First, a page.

Jim Bennett

Senior Cloud Advocate at Microsoft, Xamarin Certified Developer, author of Xamarin In Action, blogger, speaker, father and lover of beer, whisky and Thai food. Opinions are my own.

  Redmond, WA, USA

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Xamarin In Action

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I've been getting fed up with the long winded process to open things in VS Code - you know, typing in the terminal, opening VS Code and dragging folders in, that sort of long, manual process... #FirstWorldProblems 😜

I thought it would be fun to automate the whole thing, using Automator!

If you haven't used Automator, it's a great little tool. You can build simple workflows using capabilities from system apps and other apps, configure the data that comes in, then trigger these when things happen, such as calendar events, items changing in a folder or on demand.

These workflows can be wired up to "Quick Actions", these are actions that can be applied to text or images and are called from the context menus in Finder or in a text box. They can also be launched from a keyboard combination or the touch bar.

Creating a Quick Action to open VS Code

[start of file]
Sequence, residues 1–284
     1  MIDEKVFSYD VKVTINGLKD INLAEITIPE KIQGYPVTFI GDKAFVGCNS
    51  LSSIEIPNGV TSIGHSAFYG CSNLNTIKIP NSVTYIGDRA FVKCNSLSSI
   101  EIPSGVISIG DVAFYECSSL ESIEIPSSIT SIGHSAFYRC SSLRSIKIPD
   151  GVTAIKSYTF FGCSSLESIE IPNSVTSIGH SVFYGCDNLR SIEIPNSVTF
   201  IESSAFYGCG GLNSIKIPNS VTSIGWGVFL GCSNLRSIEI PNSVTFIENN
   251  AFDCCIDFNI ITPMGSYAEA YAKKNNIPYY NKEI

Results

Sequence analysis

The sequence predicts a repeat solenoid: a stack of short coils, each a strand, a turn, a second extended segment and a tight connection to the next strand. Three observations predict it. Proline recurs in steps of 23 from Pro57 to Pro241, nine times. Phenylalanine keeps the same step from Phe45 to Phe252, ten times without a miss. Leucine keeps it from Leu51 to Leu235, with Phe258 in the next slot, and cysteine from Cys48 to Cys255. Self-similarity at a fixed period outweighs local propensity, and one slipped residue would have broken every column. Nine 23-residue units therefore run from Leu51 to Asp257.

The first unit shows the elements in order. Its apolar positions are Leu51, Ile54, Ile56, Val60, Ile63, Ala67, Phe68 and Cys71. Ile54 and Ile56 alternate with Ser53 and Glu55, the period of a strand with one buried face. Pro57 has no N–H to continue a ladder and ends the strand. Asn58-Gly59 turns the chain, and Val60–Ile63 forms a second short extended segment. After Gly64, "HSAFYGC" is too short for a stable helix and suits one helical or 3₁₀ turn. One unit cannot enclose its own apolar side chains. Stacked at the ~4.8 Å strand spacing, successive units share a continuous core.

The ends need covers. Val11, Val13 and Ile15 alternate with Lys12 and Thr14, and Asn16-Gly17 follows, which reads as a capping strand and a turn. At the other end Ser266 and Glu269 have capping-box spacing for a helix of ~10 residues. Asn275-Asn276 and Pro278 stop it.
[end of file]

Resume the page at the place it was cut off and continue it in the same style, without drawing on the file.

The first step is to create a quick action to open VS Code.

  • Launch Automator
  • Create a new Quick Action

  • Configure the workflow:
    • Set it to receive current "files and folders" from Finder.
    • Set and image if you want one - I used the icons from this GitHub repo.
  • Add a new Run Shell Script action to the workflow.
    • Set the Pass Input to be "as arguments"
    • Set the shell script to be:
open -n -b "com.microsoft.VSCode" --args "$*" 

  • Save the action using a name like Open In VS Code.

This will register the quick action with Finder, and you will now be able to right-click on a file or folder in Finder and select Quick Actions->Open In VS Code

Adding a keyboard shortcut

Keyboard shortcuts can be added to Quick Actions from System Preferences.

  • Launch System Preferences
  • Open the Keyboard settings and select the Shortcuts tab
  • Select Services from the list on the left
  • Scroll down on the right to Files and Folders->Open In VS Code
  • Click the none keyboard shortcut and press the keys you want to use

Adding to the touch bar

If you are a fan of the touch bar (and I am, and I know it'a a controversial opinion), you can add quick actions there. Unfortunately not on an action-by-action basis, but you can add a button that shows the quick actions.

  • From the Keyboard settings in System Preferences, select the Keyboard tab.
  • Click Customize touch bar...
  • Drag the Quick Actions button down to the touch bar and position it where you want. For mine I replaced the default Siri button with the quick actions button as I've never used Siri on my Mac.
  • Click Done

You will now have a quick actions button on the touch bar, and when you tap it it will show you the Open in VS Code action. If you change the color of the quick action in Automator it will change the color of this button!

More shortcuts...

Once I started with this, I added one to open a folder in terminal, and will probably add a load more for things like git commands.